How do you move forward with your aspirations without letting other people's opinions influence your perception of success?
I was asked this question last week during a Q&A about starting a business. As context, I work part-time along with working on J. Margaret Weaver. After stepping back from full-time work with a heavy travel schedule when my son turned one, I was honored to be asked to continue consulting and working on special projects for the organization. Not only has this opportunity allowed me to continue to support the company, albeit in a different way, it has also helped me to stay professionally current and sharp.
One of the most enjoyable aspects of my current role are the presentation, education and public speaking opportunities I am able to participate in with our associates. Our Analyst team puts together a fantastic internship program every summer, and they have grown it from a couple interns to over 25 this year. When I spoke to them at orientation, I mentioned that I’d started a business - J. Margaret Weaver - and received a lot of questions and interest about it. Consequently, I offered to share more about my experience with anyone who was interested. I figured a few people would join and was blown away when twenty-something people showed up!
Small businesses have consistently made a tremendously positive impact on our economy, driving innovation and competition as well as generating 44% of our Gross Domestic Product (GDP) and creating 67% of net new jobs according to this report from the SBA. We talked about managing risk, learning a new industry, and how small businesses can make a big impact in their communities.
As I mentioned at the beginning, one question that struck me was this:
In life, we always face the opinions of others. Throughout my life, there has been an emphasis for me to take the least risky path to success. How do you move forward with your aspirations without letting other people's opinions influence your perception of success? How do you find the strength to do something that may be socially considered a more risky endeavor?
Have you ever thought something similar? I have.
Early in my career, I opted for what I thought was the least risky path to success, only to find that risk still existed in ways I had not anticipated.
In my experience, we will face the opinions of others regardless of whether we try something new and “risky” or take the “safer” path. Particularly in an era where people are hyper-connected and empowered to share their opinion through social media, we are subject to unsolicited feedback and commentary from others 24/7. What I have found helpful is not to try and change my behavior so as to avoid facing negative opinions from others, but to ground myself and my identity in a way that allows me to value and consider the opinions of others without letting them inform or affect my self-worth.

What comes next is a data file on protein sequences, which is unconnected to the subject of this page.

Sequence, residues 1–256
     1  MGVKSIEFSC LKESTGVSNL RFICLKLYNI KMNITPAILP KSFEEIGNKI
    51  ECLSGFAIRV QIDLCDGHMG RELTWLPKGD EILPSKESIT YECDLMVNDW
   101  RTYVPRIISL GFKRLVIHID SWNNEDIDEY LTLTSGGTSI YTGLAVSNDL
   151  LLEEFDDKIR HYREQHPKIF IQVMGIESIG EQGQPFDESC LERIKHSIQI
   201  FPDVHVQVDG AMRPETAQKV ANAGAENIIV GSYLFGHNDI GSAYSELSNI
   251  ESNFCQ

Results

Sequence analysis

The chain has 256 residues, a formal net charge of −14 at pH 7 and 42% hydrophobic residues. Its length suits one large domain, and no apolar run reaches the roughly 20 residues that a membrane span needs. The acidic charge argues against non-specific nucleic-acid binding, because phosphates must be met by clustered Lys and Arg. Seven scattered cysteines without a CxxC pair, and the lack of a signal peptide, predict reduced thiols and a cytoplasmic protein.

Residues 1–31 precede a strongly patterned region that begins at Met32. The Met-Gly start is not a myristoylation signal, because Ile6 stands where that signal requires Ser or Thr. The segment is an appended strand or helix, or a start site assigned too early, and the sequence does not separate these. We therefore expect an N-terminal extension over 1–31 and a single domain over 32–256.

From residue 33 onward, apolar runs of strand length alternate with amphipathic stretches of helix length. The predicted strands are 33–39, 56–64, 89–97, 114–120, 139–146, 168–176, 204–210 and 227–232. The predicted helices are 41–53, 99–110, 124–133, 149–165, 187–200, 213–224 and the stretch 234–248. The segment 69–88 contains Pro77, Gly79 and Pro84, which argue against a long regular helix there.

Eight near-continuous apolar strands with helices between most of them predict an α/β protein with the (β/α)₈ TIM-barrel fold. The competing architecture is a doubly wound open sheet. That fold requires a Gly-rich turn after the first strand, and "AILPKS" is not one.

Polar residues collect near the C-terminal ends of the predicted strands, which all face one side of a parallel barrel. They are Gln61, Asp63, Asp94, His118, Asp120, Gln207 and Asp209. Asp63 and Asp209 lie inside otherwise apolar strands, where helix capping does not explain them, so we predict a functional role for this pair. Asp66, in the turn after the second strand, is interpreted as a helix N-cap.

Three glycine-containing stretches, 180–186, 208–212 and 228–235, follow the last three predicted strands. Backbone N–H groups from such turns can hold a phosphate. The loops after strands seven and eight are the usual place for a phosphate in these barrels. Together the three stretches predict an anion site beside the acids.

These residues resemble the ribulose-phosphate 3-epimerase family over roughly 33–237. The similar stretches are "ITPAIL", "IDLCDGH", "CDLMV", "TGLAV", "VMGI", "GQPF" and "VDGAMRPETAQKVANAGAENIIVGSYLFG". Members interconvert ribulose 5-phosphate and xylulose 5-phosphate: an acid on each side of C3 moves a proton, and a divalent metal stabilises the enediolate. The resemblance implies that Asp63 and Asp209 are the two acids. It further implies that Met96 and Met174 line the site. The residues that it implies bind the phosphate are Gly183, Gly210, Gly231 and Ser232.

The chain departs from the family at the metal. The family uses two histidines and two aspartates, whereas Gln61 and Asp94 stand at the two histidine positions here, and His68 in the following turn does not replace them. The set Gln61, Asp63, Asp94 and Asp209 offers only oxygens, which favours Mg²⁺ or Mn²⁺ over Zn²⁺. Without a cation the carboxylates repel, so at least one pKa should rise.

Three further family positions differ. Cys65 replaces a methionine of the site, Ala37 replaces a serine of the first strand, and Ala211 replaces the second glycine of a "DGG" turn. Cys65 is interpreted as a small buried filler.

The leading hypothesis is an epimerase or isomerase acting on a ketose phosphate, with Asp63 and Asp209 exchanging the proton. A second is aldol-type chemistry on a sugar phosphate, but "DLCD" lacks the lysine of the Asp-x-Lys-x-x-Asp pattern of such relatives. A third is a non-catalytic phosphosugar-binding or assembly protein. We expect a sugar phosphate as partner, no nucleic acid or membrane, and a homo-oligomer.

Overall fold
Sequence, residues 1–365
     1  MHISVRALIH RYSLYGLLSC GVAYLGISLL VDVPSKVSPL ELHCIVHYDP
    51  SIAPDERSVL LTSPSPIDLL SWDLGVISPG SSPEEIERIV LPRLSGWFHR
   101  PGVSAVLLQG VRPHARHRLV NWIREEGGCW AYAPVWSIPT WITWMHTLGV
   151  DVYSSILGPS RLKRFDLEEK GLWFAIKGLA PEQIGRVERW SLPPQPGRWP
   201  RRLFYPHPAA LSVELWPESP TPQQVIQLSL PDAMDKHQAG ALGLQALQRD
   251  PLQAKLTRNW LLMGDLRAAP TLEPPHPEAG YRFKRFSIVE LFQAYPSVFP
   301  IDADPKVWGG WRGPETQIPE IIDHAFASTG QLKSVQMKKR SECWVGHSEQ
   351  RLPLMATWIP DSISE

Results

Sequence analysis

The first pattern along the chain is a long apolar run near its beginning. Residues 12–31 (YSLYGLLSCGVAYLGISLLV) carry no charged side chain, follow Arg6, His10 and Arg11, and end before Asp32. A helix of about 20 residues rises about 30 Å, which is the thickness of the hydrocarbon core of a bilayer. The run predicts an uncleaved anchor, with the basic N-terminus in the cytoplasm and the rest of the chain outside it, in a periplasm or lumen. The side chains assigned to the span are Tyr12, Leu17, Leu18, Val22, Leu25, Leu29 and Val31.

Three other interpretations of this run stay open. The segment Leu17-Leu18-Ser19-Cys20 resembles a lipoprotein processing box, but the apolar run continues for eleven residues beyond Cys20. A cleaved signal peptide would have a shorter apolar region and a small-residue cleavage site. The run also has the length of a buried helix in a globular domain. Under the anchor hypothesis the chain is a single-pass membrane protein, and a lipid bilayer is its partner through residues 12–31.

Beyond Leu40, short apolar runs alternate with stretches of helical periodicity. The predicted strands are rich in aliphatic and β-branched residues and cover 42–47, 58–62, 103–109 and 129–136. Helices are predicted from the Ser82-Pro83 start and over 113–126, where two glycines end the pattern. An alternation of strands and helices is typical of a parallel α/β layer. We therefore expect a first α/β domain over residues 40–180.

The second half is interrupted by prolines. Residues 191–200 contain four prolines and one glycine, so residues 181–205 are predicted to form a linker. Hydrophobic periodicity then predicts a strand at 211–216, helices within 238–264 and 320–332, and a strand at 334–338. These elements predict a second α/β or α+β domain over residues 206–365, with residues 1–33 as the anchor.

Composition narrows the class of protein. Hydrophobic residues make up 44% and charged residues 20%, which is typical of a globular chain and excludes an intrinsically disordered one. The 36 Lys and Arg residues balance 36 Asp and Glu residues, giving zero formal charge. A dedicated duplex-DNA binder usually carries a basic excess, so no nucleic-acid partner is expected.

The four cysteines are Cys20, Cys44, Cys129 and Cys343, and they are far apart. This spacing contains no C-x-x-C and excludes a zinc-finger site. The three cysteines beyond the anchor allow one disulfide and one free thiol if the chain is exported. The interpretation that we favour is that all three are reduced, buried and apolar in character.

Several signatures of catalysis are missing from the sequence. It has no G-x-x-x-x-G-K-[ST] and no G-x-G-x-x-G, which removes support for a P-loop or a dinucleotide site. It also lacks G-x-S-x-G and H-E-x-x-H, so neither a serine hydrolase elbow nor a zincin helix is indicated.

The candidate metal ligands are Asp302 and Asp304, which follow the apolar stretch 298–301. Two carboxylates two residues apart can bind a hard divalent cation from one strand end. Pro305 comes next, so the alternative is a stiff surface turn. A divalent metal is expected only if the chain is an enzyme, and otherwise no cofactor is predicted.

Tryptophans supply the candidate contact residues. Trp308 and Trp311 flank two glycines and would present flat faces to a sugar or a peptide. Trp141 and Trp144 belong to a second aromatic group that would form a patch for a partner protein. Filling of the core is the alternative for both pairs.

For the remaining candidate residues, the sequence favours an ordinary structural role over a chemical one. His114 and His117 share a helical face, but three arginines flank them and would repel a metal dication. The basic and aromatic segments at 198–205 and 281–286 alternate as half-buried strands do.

If your identity, value, or worth is mainly tied to something external - for example, success, goals, a relationship or job, the opinions of others, etc - you get where I’m going here - then you are living for other people. Your resiliency will not be sufficient to navigate through the tough situations, because all of those aspects of your worth can be gone at any time. If, however, your value and worth are internally-focused and grounded, you will find that you can hear the opinions of others without being crushed and defeated. You will be more comfortable taking smart risks because your worth isn’t tied to a successful outcome. You will enjoy learning from failures and be resilient to bounce back when you don’t meet your goals.
Is this easy? Absolutely not. I’ve spent years working on this. A year ago, I’d pretty much talked myself out of launching J. Margaret Weaver, or at least put it off indefinitely. It wasn’t until I talked to a friend that I realized I wasn’t delaying because of COVID or because I didn’t have time, it was because I was terrified to fail. Once I realized that, I decided to set a date and launch regardless of what was happening around me. Selecting a date was the most terrifying step in the entire launch, because it meant I was committing to trying something new and could publicly fail. But even if I failed, I would still learn a lot. And if I learned something from the experience, then I decided that it was worth it.